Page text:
Both? Occasionally, a product can have one version that is a Part B drug and another that is a Part D drug. In that case, the drug may be reimbursed at distinct rates under the Part B and Part D programs. The prices that the manufacturer has to report to CMS (which, in turn, impact drug reimbursement under the Medicare and Medicaid programs) may, in some instances, reflect a "blend" of the pricing in the two programs. Additionally, the drug will likely be subject to distinct patient cost-sharing and utilization management rules in the two programs. This all presumes a manufacturer can maintain coverage for a drug under both Part B and Part D; if utilization of the Part D-covered version of the drug surpasses the Part B-covered version among Medicare beneficiaries, the drug could lose coverage under Part B.

Why it matters: The status of the drug as Part B or Part D, as well as CMS coding decisions, may impact Medicare payment, patient cost sharing, and overall access to the drug. These considerations are relevant for any evaluation of a target and its drug candidates.

3. Does the pricing strategy account for Medicaid, Medicare, and other governmental program pricing requirements?

There are multiple governmental health care programs – including Medicaid, Medicare, the Secretary of Veterans Affairs Federal Supply Schedule (VA/FSS) program, and the 340B Drug Pricing Program – and the coverage and pricing requirements in these programs are interlinked. For instance, many manufacturers participate in the Medicaid drug rebate program (MDRP) – a program under which manufacturers pay a rebate on all units paid for by state Medicaid programs, and state Medicaid programs must cover the drug for Medicaid enrollees – because participation in the MDRP is a condition for coverage of a drug under the Medicare Part B program.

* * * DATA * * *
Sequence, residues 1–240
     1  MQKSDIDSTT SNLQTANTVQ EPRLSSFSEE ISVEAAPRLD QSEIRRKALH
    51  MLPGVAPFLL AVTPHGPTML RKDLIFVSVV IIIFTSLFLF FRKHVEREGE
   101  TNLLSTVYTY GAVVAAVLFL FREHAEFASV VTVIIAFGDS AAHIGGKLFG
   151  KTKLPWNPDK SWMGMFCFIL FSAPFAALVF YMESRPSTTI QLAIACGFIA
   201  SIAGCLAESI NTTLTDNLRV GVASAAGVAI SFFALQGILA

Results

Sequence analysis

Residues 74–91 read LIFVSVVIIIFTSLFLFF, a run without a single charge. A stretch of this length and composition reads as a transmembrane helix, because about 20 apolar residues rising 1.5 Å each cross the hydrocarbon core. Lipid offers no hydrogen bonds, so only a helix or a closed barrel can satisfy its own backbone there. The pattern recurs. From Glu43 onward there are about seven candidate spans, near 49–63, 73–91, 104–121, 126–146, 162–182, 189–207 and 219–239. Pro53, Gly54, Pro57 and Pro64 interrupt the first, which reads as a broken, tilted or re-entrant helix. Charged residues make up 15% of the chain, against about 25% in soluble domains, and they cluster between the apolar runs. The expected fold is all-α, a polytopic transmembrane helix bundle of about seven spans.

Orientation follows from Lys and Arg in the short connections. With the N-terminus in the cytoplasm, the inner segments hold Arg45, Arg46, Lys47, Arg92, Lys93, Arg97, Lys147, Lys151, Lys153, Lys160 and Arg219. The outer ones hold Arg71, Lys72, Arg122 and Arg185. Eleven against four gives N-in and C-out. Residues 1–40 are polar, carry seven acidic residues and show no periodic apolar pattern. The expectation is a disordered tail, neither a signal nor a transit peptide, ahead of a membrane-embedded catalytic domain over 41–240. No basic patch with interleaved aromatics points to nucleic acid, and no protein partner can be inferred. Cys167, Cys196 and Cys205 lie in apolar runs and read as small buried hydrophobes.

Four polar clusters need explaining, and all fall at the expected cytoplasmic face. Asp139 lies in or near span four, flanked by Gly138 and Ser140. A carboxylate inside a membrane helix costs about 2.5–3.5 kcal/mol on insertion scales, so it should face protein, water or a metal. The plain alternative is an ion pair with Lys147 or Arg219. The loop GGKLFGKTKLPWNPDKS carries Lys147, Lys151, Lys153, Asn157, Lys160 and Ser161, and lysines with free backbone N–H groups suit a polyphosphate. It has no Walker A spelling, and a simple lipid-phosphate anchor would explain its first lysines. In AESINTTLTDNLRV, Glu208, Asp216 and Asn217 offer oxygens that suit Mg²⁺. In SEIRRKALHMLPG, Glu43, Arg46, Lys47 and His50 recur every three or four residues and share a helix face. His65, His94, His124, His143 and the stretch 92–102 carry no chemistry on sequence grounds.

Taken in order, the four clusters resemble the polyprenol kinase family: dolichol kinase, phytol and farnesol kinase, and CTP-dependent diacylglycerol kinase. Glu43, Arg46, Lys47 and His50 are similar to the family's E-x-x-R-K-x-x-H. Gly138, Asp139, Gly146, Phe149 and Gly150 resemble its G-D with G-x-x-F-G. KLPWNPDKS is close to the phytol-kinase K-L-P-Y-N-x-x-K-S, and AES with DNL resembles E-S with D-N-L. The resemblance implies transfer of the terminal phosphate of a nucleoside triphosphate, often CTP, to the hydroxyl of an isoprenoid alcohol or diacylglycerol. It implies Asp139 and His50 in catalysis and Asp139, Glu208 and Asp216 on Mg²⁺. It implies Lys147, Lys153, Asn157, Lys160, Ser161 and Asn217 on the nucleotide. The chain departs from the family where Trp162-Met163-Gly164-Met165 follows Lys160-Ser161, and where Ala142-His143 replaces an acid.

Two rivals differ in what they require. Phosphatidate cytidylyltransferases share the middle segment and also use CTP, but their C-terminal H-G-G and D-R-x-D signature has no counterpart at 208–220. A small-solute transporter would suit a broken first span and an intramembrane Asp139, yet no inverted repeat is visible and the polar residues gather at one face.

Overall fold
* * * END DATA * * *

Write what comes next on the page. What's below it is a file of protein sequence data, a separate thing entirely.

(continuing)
Manufacturers that join the MDRP are also required to participate in the Secretary of Veterans Affairs Federal Supply Schedule (VA/FSS) program and the 340B Drug Pricing Program. Under the 340B program, a manufacturer agrees to sell its products to certain safety-net providers at no more than a statutorily-defined "ceiling price." This ceiling price, like the Medicaid drug rebate amount and the Medicare ASP-based reimbursement rate, is determined based on commercial pricing data that manufacturers must report to CMS. The VA/FSS program imposes a different type of ceiling price on certain sales to the federal government and has its own set of price reporting requirements.

Why it matters: While a pre-commercial target company is not likely participating in these government health care programs, the coverage and price reporting requirements under each of these programs will significantly impact a drug's reimbursement rates and overall commercial strategy. Advance planning and financial modeling of these impacts is critical to accurately evaluating the profitability of the target.


Our Global Regulatory Team

We help organizations navigate the world's multiplying regulatory regimes as they cross industries and borders alike. At Hogan Lovells, we believe that regulation is neither a force to be feared nor an obstacle to be overcome. Regulation is simply a reality of doing business today, and the organizations that understand it holistically and navigate it well are the ones that will succeed. Our team helps industry understand, anticipate, and influence the shifting – and often volatile – regulatory landscape. We partner with your business to create smart, operational solutions that mitigate risk, create new opportunities, and power your enterprise to advance.

Our Global Life Sciences and Health Care Team

Navigating complexities in the life sciences and health care industries is no easy task. Successfully competing in the space requires a partner with a holistic, collaborative approach and a global perspective. For life sciences innovators of all sizes, anywhere in the world, Hogan Lovells is that partner – from cutting-edge start-ups and boutique venture funds to world-renowned research institutions and health systems to global biopharmaceutical conglomerates. With more than 500 life sciences and health care lawyers around the world, we provide a seamless experience everywhere you do business. And no matter the challenge – from creation to commercialization of a life-saving therapy, regulatory compliance to an international patent dispute, the formation of a strategic alliance to a complex, global merger – we've been there before and we understand how to prepare you for what happens next, helping you to anticipate risks and address future issues before they arise.